Date of this Version
Of the many important signaling events that take place on the surface of a mammalian cell, activation of signal transduction pathways via interactions of cell surface receptors is one of the most important. Evidence suggests that cell surface proteins are not as freely diffusible as implied by the classic fluid mosaic model and that their confinement to membrane domains is regulated. It is unknown whether these dynamic localization mechanisms function to enhance signal transduction activation rate or to minimize cross talk among pathways that share common intermediates. To determine which of these two possibilities is more likely, we derive an explicit equation for the rate at which cell surface membrane proteins interact based on a Brownian motion model in the presence of endocytosis and exocytosis. We find that in the absence of any diffusion constraints, cell surface protein interaction rate is extremely high relative to cytoplasmic protein interaction rate even in a large mammalian cell with a receptor abundance of a mere two hundred molecules. Since a larger number of downstream signaling events needs to take place, each occurring at a much slower rate than the initial activation via association of cell surface proteins, we conclude that the role of co-localization is most likely that of cross-talk reduction rather than coupling efficiency enhancement.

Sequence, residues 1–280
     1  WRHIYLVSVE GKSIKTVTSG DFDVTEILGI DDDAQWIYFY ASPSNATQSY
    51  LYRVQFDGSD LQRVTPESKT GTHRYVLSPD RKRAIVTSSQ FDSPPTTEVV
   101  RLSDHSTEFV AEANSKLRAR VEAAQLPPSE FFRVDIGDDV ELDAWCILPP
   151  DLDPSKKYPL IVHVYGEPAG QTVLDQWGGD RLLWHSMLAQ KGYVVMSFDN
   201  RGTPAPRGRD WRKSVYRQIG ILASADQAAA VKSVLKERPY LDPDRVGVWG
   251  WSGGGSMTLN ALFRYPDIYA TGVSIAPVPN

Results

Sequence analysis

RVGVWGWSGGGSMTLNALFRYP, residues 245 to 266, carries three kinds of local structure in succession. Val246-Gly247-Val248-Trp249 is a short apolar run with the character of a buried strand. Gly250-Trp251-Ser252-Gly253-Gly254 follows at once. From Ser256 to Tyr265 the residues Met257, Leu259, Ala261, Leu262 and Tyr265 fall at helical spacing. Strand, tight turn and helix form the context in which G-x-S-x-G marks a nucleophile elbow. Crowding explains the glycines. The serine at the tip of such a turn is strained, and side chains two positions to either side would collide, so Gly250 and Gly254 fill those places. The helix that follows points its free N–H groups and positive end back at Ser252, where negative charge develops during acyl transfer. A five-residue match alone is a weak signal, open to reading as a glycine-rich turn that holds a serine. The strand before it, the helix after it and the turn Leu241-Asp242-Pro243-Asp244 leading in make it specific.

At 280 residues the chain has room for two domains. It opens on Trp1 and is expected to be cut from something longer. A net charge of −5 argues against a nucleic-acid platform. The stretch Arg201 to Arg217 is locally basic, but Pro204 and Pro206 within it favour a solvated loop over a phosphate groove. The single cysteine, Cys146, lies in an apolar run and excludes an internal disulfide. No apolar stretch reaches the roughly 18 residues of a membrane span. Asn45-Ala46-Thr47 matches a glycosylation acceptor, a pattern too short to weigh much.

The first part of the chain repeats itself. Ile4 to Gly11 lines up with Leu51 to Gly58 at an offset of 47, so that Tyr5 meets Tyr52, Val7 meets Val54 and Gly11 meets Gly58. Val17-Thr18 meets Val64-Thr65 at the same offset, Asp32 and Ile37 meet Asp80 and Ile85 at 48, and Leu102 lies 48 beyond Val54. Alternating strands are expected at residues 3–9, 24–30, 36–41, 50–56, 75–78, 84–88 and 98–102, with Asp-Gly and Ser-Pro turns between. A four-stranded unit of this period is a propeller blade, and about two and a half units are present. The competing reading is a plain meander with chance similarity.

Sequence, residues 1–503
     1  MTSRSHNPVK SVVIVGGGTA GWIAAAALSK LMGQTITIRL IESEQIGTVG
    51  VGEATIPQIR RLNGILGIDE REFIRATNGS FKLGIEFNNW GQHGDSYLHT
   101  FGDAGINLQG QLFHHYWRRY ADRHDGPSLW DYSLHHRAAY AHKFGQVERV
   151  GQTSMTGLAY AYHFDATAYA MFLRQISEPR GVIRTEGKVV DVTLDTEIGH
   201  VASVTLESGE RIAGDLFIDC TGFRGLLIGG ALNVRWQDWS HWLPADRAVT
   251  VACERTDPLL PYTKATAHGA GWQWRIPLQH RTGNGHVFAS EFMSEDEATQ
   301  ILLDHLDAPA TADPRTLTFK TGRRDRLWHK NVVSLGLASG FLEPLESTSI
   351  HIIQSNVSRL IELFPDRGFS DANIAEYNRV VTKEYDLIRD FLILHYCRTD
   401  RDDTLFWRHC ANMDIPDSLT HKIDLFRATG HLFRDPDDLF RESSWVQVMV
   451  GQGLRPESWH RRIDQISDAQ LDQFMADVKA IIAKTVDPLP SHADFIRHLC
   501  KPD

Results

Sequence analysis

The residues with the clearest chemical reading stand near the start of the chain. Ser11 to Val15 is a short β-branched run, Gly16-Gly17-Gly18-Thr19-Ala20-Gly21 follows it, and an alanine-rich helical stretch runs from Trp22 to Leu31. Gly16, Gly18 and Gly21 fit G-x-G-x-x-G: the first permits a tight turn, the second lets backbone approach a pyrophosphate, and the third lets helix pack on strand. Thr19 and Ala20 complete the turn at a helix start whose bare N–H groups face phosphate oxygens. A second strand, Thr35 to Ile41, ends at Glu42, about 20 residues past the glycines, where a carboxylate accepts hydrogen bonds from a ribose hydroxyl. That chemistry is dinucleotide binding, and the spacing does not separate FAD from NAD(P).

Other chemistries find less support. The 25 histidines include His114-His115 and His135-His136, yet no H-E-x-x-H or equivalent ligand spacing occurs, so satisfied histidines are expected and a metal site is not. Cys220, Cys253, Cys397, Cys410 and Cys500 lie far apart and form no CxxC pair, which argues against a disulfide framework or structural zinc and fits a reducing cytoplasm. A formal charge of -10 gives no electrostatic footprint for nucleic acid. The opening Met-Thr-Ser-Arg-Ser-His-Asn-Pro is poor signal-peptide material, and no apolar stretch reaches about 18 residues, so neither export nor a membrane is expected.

Batada, N. N., Shepp, L. A., Siegmund, D. O., & Levitt, M. (2006). Spatial Regulation and the Rate of Signal Transduction Activation. Computational Biology, 2 (5), http://dx.doi.org/10.1371/journal.pcbi.0020044
Date Posted: 27 November 2017
This document has been peer reviewed.